Health outcomes and the healthcare and societal cost of optimizing pediatric surgical care in the United States

J Pediatr Surg. 2019 Apr;54(4):621-627. doi: 10.1016/j.jpedsurg.2018.10.102. Epub 2018 Nov 28.


Background: There is a movement to ensure that pediatric patients are treated in appropriately resourced hospitals through the ACS Children's Surgery Verification (CSV) program. The objective of this study was to assess the potential difference in care provision, health outcomes and healthcare and societal costs after implementation of the CSV program.

Methods: All 2011 inpatient admissions for selected complex pediatric patients warranting treatment at a hospital with Level I resources were evaluated across 6 states. Multivariate regressions were used to analyze differences in healthcare outcomes (postoperative complications including death, length of stay, readmissions and ED visits within 30 days) and costs by CSV level. Recycled predictions were used to estimate differences between the base case scenario, where children actually received care, and the optimized scenario, where all children were theoretically treated at Level I centers.

Results: 8,006 children (mean age 3.06 years, SD 4.49) met inclusion criteria, with 45% treated at Level I hospitals, 30% at Level II and 25% at Level III. No statistically significant differences were observed in healthcare outcomes. Readmissions within 30 days were higher at Level II compared to Level I centers (adjusted IRR 1.61; 95% CI 1.11, 2.34), with an estimated 24 avoidable readmissions per 1000 children if treatment were shifted from Level II to Level I centers. Overall, costs per child were not significantly different between the base case and the optimized scenario.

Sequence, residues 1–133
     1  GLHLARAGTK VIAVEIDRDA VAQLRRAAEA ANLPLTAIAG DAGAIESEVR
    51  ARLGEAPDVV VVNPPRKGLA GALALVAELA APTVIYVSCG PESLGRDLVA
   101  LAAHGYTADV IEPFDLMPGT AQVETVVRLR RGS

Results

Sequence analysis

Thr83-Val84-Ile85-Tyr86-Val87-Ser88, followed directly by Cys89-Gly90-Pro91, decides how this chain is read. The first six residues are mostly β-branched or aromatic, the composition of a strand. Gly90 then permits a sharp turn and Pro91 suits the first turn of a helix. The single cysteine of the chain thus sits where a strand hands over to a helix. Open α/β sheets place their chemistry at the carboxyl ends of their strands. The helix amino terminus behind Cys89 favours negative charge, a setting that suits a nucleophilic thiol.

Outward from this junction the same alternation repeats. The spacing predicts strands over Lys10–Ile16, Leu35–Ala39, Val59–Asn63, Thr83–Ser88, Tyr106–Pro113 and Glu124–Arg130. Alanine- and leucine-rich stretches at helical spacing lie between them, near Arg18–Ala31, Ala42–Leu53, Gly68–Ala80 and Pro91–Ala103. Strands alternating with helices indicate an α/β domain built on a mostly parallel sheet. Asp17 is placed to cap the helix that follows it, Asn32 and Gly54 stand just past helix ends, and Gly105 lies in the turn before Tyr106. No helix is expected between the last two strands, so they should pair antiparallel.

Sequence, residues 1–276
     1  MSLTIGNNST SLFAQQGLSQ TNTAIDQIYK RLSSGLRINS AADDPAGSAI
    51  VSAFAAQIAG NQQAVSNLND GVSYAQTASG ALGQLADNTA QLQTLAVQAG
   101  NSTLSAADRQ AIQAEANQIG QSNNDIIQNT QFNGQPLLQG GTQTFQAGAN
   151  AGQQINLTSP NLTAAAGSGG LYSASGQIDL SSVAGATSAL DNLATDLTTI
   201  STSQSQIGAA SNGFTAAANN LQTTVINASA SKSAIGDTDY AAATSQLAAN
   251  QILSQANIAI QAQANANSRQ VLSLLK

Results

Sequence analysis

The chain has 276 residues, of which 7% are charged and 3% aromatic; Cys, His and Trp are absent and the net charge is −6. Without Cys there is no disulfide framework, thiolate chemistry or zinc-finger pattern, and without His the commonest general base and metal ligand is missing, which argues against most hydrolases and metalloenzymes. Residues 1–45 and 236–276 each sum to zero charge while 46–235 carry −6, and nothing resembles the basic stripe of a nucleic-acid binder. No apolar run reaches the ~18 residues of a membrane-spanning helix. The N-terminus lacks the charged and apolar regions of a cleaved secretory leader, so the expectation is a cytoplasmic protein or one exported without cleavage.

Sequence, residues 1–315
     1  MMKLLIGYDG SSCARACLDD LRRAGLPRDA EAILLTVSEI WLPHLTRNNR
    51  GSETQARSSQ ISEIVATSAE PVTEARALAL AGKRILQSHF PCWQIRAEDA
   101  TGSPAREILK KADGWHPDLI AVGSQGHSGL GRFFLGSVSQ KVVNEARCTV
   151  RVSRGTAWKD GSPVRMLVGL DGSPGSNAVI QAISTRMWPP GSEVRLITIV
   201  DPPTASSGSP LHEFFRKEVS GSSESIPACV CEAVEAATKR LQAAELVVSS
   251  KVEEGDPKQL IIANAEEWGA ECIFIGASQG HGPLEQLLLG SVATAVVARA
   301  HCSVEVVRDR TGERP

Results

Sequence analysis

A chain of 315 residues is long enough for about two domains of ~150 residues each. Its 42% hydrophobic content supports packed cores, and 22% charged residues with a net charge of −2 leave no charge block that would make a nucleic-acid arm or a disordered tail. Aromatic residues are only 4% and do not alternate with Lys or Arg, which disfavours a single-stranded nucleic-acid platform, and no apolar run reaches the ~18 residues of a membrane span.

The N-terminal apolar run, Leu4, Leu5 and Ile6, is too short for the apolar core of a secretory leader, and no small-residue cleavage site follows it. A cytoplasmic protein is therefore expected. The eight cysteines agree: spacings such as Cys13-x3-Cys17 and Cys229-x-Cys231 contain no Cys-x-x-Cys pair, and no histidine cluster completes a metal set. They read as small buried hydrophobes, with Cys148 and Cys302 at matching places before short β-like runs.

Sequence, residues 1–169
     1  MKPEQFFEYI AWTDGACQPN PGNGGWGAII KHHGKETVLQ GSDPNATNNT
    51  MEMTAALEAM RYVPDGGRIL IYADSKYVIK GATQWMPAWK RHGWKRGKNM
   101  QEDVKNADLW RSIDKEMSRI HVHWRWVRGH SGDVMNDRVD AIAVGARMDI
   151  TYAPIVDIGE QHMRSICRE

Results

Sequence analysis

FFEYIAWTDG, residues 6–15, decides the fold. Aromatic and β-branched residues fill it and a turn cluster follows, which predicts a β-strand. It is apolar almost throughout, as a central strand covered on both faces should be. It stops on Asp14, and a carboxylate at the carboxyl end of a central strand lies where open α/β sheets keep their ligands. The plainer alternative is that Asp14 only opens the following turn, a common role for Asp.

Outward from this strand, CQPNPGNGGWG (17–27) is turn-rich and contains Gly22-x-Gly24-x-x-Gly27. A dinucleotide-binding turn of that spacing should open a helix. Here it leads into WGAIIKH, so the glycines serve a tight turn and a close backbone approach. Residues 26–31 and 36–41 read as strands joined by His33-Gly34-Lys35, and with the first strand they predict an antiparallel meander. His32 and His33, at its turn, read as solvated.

Conclusion: Many complex surgical procedures are being performed at Level II/III centers. This study found no statistically significant increase in healthcare or societal costs if these were performed instead at Level I centers under the optimized scenario. Ongoing evaluation of efforts to match institutional resources with individual patient needs is needed to optimize children's surgical care in the United States.

Level of evidence: II.

Keywords: Epidemiology; Healthcare costs; Outcomes; Pediatric surgery; Verification.

MeSH terms

  • Adolescent
  • Child
  • Child, Preschool
  • Databases, Factual
  • Female
  • Health Care Costs / statistics & numerical data*
  • Health Resources
  • Hospitalization / economics
  • Hospitalization / statistics & numerical data*
  • Hospitals / statistics & numerical data
  • Humans
  • Infant
  • Inpatients
  • Length of Stay / economics
  • Length of Stay / statistics & numerical data
  • Male
  • Postoperative Complications / economics
  • Postoperative Complications / epidemiology
  • Program Evaluation / methods
  • Surgical Procedures, Operative / economics
  • Surgical Procedures, Operative / statistics & numerical data*
  • Treatment Outcome
  • United States